Purpose of review
Chronic rhinosinusitis affected 12.5% of the general population in the United States, making it one of the most common causes for patients to seek medical care. Despite a lack of compelling evidence, antibiotics are the most frequently prescribed class of medications for the treatment of chronic sinusitis, demonstrating a deeply rooted belief that bacteria are in some way responsible for the disease.
Despite the high prevalence of sinusitis, the cause of chronic rhinosinusitis remains elusive despite multiple attempts to determine the underlying cause. Theories have come and gone throughout the years with fungi, bacteria, host immunological defects, allergy, structural and functional defects, gastroesophageal reflux disease, environmental chemicals, and bacterial biofilms being blamed for this chronic inflammatory state of the sinonasal mucosa. Recent literature has continued to explore these various theories.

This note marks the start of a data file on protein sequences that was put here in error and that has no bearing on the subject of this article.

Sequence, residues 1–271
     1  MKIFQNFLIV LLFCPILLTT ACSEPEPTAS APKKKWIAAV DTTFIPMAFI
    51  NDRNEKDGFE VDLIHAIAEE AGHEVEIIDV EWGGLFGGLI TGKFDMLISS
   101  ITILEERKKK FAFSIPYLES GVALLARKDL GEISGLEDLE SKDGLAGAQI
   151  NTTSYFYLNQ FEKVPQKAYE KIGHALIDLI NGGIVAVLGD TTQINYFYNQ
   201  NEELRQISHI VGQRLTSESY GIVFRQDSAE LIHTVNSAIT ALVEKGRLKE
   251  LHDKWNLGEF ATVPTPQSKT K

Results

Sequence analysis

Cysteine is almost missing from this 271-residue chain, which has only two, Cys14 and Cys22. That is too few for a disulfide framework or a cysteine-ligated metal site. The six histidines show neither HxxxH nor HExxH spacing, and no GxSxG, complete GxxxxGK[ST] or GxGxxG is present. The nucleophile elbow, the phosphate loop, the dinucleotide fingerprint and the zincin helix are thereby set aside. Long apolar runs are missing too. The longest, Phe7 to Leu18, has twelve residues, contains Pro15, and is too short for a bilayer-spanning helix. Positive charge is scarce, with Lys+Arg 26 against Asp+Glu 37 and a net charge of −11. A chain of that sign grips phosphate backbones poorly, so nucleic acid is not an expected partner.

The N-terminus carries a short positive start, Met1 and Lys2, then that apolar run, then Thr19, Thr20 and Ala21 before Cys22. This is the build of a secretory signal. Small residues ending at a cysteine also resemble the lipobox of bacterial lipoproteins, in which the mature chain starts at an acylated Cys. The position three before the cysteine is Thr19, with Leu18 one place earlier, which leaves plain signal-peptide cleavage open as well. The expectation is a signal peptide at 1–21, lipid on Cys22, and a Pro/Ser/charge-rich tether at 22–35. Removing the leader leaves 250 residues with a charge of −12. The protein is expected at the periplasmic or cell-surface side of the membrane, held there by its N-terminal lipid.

To date, there is no high-quality evidence that antibiotic therapy has any effect on the long-term management of chronic rhinosinusitis. No randomized placebo-controlled studies evaluating the utility of antibiotics have as yet been conducted. There remains an urgent need for a high-quality, prospective clinical trial to determine the proper role of antibiotics in the treatment of chronic rhinosinusitis.